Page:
• Provides $454 billion for the Treasury Department to provide secured loans to U.S. businesses, States, tribes, and municipalities (including DMOs organized as instruments of a State or local government) or to fund liquidity assistance through the Federal Reserve, in support of businesses, States, tribes, and municipalities that haven’t already received economic relief through any other loan provided under the bill.
  • There is no deadline for when Treasury or the Federal Reserve must issue regulations setting up a program providing this assistance.
  • To receive a direct loan from the Treasury Secretary or Federal Reserve, businesses must have a majority of its employees based in the U.S. and agree not to conduct until 12 months after the loan is repaid: 1) stock buybacks; 2) pay dividends on common stock; and 3) agree to certain limits on executive compensation.
  • The liquidity assistance provided by the Federal Reserve can be in the form of direct loans to businesses and governmental entities (including certain DMOs, hotels, restaurants, rental car companies, software companies, and retailers) or the direct purchase of debt obligations or securities from the business. Assistance can also be in the form of the purchase of bonds, loans, and securities directly from banks or from investors in the secondary market. Collateral is required for all loans given by the Federal Reserve and Treasury, and all loans, bonds, and securities purchased by the Federal Reserve must be collateralized.
  • Directs the Treasury Secretary to establish a program that provides banks with liquidity to make loans to businesses and nonprofit organizations (including travel businesses and 501(c)(6) organizations) with between 500 and 10,000 employees, capping interest rates for the loans at 2 percent and providing 6 months of forbearance, on condition of the entity maintaining employment and meeting collective bargaining and other requirements.
  • Also provides $46 billion for the Treasury Department to give direct loans to airlines, cargo air carriers, and businesses critical to national security (e.g. Boeing).
  • Treasury is also able to provide $32 billion in grants to passenger airlines, cargo air carriers, and air service contractors (including airline catering services) under strict conditions.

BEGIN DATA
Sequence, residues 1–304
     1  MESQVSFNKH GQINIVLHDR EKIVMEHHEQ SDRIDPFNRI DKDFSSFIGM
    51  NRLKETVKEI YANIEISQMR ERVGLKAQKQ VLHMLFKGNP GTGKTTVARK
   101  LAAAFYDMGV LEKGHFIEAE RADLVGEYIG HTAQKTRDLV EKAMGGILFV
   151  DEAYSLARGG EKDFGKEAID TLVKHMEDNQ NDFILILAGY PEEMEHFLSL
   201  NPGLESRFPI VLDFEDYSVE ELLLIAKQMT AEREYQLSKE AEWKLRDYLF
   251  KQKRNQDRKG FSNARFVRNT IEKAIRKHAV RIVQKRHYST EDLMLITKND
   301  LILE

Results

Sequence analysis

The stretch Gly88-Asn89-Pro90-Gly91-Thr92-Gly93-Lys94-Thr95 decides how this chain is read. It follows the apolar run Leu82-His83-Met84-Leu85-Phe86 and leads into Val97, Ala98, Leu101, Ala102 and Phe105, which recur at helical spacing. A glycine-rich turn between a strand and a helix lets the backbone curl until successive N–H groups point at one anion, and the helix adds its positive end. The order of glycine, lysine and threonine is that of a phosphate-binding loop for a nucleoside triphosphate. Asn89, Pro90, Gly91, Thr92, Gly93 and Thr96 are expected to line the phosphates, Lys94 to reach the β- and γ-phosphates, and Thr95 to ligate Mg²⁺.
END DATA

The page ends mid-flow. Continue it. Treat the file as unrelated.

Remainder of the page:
• Companies that receive a direct loan from the Federal Reserve or the Treasury Department cannot engage in stock buybacks or pay dividends until a year after the loan is fully paid back. They must also limit executive compensation, and employment requirements may apply depending on the form of assistance.
  • Creates a Special Inspector General for Pandemic Recovery and a 5-member Congressional Oversight Commission to oversee direct loans and financial assistance provided by the Treasury Department and Federal Reserve.


Eligibility: For any business of any size, sports league, sports team, or DMO organized as a 501(c)(6) or 501(c)(3) organization, as applicable. 

U.S. Travel position: We fought to ensure businesses could reduce their tax burden and make it easier to keep their workers on the payroll, in addition to getting the IRS to delay tax payment and filing deadlines.  

  • Employee Retention Tax Credit: Provide a temporary tax credit against employer payroll taxes, worth 50 percent of wages (up to $10,000 of qualified wages per employee per quarter) paid this year by a qualified employer. Qualified employers include those forced to suspend activities due to the coronavirus outbreak but does not include employers that receive an SBA interruption loan.
  • Payroll Tax Deferral: Defers payment for Social Security taxes on employers and the self-employed until January 1, 2021—not including any employers that get loan forgiveness on an SBA interruption loan.
  • Net Operating Loss Deduction: Allows businesses to fully carry back net operating losses occurring in 2018, 2019, or 2020 to the previous 5 years, allowing them to amend previous tax returns to get a refund and help cover liquidity demands.
  • Refundable Credits for Prior Year Corporate Alternative Minimum Tax (AMT): Accelerates the ability for corporations to recover AMT credits, allowing them to claim a refund now and obtain additional cash flow.
  • Business Interest Expense Deduction: Temporarily increases the cap on the business interest expense deduction for the 2019 and 2020 tax year.
  • Qualified Improvement Property: Allows restaurants and retail stores to fully expense the cost of property improvements in the year the cost occurs, rather than over time through a depreciation schedule.


Eligibility: For any airport, State, territory, municipality, subdivision of a State, or instrumentality thereof. U.S. Travel position: We fought to ensure airports and other important elements of the travel ecosystem received the support needed to weather this storm. 

  • Provides $10 billion in grants to airports for the purpose of maintaining airport operations, distributed through FAA’s Airport Improvement Program by formula.
  • Provides $5 billion in Community Development Block Grants to States and local governments to mitigate economic disruptions in impacted industries, including making direct grants to tourism businesses impacted by COVID-19.
  • Provides $1.5 billion in Economic Development Agency grants to State and local governments for economic injuries to impacted industries, including grants to support economic revitalization of tourism businesses impacted by COVID-19.


Eligibility: For any worker of an affected employer, including private businesses, sports leagues, sports teams, and DMOs, as applicable. 

  • Provides enhancements to existing State unemployment insurance programs, including allowing furloughed workers to receive unemployment insurance benefits, waiving the 7-day waiting period for regular unemployment insurance, extending the duration of unemployment insurance benefits, and promoting short time compensation benefits for workers forced to cut hours.
Categories: Alerts, COVID-19